Recent research shows people who feel lonely or socially isolated tend to be depressed, have poor health and may have a shorter lifespan. On the contrary, having a great social support system can help people deal with life's hardships.

    According to Paul Schwartz, a professor of psychology and child behaviour expert, the health benefits of having friends start when you're a child.

    "Friendships contribute significantly to the development of social skills, such as being sensitive to another's viewpoints, learning the rules of conversation, and age-appropriate behaviours," he said in the Hudson Valley Parent.

    "More than half the children referred for emotional behavioural problems have no friends or find difficulty interacting with peers. "
  • Increased performance and development
    "Friends also have a powerful influence on a child's positive and negative school performance and may also help to encourage or discourage deviant behaviours," says Schwartz. "Compared to children who lack friends, children with 'good' friends have higher self-esteem, act more socially, can cope with life stresses and transitions, and are also less victimised by peers."

    Some early education facilities even deliberately place children in classes with their friends to help children maintain bonds.

    "I do not believe that children can learn if they do not feel comfortable and valued in the classroom," says Amy Symonds, a pre-kindergarten teacher at Powell Elementary School in Washington.

    "Having strong relationships with their peers is one of the many factors that helps students feel welcome…my main goal for students is to nurture their social-emotional development. I do think it is important for students to learn to work with all of their peers, but it is also important to help strengthen friendships."

Ideas for helping kids develop positive friendships

There are many ways educators can help children to connect with one another to form friendships. Here are a few ideas:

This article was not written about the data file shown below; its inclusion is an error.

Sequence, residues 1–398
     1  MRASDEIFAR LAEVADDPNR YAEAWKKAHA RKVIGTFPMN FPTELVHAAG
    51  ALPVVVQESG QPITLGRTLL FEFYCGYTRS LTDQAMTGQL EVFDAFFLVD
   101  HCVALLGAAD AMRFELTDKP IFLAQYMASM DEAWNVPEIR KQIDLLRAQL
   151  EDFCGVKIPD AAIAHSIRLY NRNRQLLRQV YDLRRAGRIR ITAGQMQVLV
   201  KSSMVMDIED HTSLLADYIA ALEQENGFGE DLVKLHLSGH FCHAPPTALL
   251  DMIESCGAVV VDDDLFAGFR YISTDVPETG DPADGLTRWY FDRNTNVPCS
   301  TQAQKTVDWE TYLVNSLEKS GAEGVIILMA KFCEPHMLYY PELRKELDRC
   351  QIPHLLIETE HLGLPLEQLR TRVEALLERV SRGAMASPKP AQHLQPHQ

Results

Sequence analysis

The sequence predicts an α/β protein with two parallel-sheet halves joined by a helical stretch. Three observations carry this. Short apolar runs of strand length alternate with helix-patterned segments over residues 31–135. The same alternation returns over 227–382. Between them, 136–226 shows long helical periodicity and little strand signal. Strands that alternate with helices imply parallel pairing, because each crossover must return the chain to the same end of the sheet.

• Model good friendships skills – Point out friendly behaviours such as greeting others, sharing, turn taking, listening and respecting each other, and help those lacking in friendship skills to develop them. For example, to those who have trouble expressing their feelings you could share your own, for example, "That was so nice of you to share the doll with me."
  • Practice role-play – Use toys to demonstrate how good friends behave with one another. Engaging the children to take part might help them overcome shyness and practice making friends before attempting it for real.
  • Create a safe environment – Lisa Palethorpe from Goodstart says that for any connection to form with another child or person, the child first must feel safe. Create a warm and welcoming setting where they can feel safe and connect with the parents so they can establish trust with both educators and peers.
  • Facilitate connections – Look at what's going on and find ways to connect children to one another, for example "Henry I can see that Katie is interested in this story, shall we start from the beginning again so she can read with us too?"
  • Nurture children in small groups – Not only can it help build a sense of community, but it doesn't overwhelm them with too many faces and too much noise.
  • Take notice of friendships – If you see children have bonded nurture this by letting them know when their friend has arrived, putting them together in group activities and advising parents in case they want to arrange playdates outside of child care.

Thanks to Kidspot/NSW Department of EducationGoodstart and Washington Post for the information cited in this article.